There is a hidden safety, The same as Marui have placed on their other Glocks. It’s a transit safety that isn’t on the real Firearm, Located on the frame serial plate under the rail, clicking it back will render the trigger immovable, forward makes the pistol function again.

    The disassembly isn’t quite as smooth as previous Glocks, It works the same way but a reasonable amount of force is needed to nudge that slide forward. Don’t panic if your needing to strip it, But at the same time don’t be “that guy” and wreck a pretty solid pistol by beating it to death!

    The sights are the basic cup and dot Glock design. Taking up a slightly smaller profile than the 17 but being compatible should you wish, with aftermarket tritium or high post sights. I personally prefer tritium sights so once finances allow it’ll be one of the first things on my shopping list.

    The rail appears to be slightly more in line with a real spec rail, My genuine Surefire X300 Ultra fitting perfectly and adding a little weight to the whole package.

    Onto compatibility with its most closely related replica… The Tokyo Marui Glock 17, Please forgive the horrendous 17 shaped abomination… I’m doing a favour for a friend, I offered to burn it and do society a favour but he wants it fixed.

    Internally there’s not much that’s compatible in the upper, As with the M1911A1 and M45A1 the whole slide has been redeveloped internally… Strengthened significantly on the front section and with a captive recoil spring assembly that fits snug under the new outer barrel/hop design.

    The hop has changed over from the older Marui design. The adjustment is now possible without disassembly via the breech/ejection port. A handy addition but not really necessary as the Marui hops tend to stay put once adjusted. It does mean however that current Marui compatible outer barrels won’t fit.

    Field stripping the Glock has become a little tougher than before, A bit of resistance is now present when pushing the slide forward… I’m unsure what is catching but a firm tap does help the slide come free. From there it’s as simple as removing the recoil spring assembly and then the outer barrel assembly. This is as far as you should need to strip your Glock unless installing aftermarket internals.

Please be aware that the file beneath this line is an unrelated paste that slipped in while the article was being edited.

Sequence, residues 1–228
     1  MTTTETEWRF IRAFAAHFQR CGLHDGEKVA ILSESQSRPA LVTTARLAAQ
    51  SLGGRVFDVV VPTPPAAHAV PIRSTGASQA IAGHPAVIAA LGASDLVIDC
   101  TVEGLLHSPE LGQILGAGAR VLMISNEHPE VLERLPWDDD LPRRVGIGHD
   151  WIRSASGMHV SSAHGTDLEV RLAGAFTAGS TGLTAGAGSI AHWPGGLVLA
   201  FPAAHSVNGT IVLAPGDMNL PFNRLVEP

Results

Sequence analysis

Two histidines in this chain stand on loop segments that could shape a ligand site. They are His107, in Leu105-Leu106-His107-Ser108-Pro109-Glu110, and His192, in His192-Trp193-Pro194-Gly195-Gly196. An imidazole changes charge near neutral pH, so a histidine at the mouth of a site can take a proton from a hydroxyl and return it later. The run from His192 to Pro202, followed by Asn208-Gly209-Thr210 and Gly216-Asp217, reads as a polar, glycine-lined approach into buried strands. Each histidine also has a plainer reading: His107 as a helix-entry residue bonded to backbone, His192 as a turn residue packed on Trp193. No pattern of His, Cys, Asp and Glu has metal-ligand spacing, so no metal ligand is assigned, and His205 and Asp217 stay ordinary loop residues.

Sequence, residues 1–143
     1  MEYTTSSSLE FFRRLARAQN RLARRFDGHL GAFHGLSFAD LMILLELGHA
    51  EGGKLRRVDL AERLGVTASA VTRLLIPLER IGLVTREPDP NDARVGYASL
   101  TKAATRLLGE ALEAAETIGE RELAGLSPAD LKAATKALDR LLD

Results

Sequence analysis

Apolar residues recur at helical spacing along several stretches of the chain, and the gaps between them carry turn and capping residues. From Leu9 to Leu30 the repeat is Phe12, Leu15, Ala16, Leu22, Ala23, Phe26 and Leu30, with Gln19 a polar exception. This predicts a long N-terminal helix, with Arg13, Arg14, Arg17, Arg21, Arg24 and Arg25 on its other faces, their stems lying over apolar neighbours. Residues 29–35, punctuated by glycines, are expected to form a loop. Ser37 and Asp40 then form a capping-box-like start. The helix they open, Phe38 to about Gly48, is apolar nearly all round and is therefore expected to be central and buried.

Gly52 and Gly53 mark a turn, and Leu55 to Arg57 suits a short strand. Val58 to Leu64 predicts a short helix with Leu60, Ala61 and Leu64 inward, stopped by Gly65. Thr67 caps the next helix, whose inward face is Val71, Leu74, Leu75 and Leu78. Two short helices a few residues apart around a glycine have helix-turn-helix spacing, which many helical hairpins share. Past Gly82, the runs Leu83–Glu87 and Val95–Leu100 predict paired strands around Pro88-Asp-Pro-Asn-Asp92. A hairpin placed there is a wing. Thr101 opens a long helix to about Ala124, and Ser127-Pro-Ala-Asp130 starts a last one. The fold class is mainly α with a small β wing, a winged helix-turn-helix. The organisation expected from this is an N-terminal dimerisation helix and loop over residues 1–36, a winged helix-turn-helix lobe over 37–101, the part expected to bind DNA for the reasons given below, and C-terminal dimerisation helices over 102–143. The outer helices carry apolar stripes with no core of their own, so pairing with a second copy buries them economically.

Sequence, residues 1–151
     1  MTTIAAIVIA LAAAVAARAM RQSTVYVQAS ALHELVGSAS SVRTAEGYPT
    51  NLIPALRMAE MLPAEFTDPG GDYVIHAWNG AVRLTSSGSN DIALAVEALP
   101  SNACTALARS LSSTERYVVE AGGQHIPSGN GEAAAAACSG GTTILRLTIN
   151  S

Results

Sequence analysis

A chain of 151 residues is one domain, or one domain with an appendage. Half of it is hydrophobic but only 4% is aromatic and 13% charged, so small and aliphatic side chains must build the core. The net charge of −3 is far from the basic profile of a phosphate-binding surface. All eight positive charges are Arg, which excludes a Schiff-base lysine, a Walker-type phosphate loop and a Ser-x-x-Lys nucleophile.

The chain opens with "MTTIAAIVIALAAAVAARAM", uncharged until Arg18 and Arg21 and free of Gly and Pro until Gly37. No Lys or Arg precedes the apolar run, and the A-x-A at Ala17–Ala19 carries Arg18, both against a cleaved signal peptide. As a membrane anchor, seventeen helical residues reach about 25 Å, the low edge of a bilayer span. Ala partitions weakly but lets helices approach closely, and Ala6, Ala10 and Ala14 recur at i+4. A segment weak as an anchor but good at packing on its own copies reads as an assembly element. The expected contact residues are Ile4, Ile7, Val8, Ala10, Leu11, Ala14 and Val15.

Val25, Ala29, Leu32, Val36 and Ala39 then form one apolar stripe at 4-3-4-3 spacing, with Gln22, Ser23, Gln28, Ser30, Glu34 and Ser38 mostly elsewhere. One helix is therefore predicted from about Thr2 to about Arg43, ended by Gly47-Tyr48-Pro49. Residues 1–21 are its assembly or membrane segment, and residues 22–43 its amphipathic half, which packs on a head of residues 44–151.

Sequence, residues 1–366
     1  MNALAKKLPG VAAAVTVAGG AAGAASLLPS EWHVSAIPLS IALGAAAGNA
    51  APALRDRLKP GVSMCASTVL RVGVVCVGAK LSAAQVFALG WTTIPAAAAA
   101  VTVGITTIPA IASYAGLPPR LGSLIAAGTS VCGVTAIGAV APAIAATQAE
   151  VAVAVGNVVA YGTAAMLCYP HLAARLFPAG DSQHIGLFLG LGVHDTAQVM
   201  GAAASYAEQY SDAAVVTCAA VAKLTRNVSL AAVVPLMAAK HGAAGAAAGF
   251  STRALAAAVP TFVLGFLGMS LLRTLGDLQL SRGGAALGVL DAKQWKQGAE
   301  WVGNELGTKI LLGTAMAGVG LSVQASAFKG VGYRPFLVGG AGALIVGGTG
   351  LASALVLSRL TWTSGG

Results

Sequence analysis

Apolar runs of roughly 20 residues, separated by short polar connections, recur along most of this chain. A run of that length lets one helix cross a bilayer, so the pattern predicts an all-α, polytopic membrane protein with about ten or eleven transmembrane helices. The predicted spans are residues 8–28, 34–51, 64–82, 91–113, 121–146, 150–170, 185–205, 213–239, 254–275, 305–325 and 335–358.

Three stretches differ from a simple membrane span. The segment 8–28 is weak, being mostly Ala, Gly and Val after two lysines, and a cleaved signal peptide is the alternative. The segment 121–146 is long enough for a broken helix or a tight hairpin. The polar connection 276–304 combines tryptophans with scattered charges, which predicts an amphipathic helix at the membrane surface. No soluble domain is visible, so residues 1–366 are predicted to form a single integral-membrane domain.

Here you can properly see the redeveloped spring assembly, retained front and rear with a dampening block along the rear portion.

    It’s been reported that the sights are Glock 17/18 compatible which should allow the installation of tritium or red dot sights, My replica Trijicon RMR fits on a proprietary Glock mount designed for the Marui Glock 17 that takes the place of the rear sight.

    As for mag wells fitting the 19, Some will and others won’t. Nova make a TTI style mag well that fits with a little effort, The Zev style made by 5KU apparently does not.

    The hammer/striker mechanism looks to have been tweaked… there is now more reinforcement throughout but with the overall design being the same in operation. Spring wise for the trigger and hammer it appears that these would be cross compatible but being Marui they don’t need replacing unless using an aftermarket slide.

    As for slides, There’s certainly scope for development… If a good copy of Unity Tactical’s Atom slide appears or something with a lower RMR mounting option I’ll certainly be making a “Roland Special” type build.

    The other main area of compatibility is the one which most people care about… Magazines. This will work with any magazine that is designed for the Marui Glock 17, that means your able to choose from the 25 and 50 round mags if you should desire more than the 19’s capacity of 21.

    Speaking of magazines, the supplied magazine has been overhauled as per Marui‘s current trend. A dual pinned bottom plate now replaces the longitudinal bolt that secures the 17’s bottom.

    This is an area of contention… it’s a primary cause of leaking within the MP7 and M&P9 magazines… However the M45A1 and USP which share this design have yet to spring a leak so maybe they’ve realised that there was a fault and fixed it (highly likely knowing Marui), One things for sure is that the bolt design certainly decreases gas capacity, It also results in a spectacular failure if the thread strips… Something that happened to the dipped abomination I’m trying to save (Rest in peace balls).

    So how does it shoot?… I’m not going to sugar coat it and say it’s the best pistol on the market, That’s simply not the case… It’s certainly better than Marui’s other Glocks by a clear margin and in my opinion its the best airsoft replica of a Glock full stop.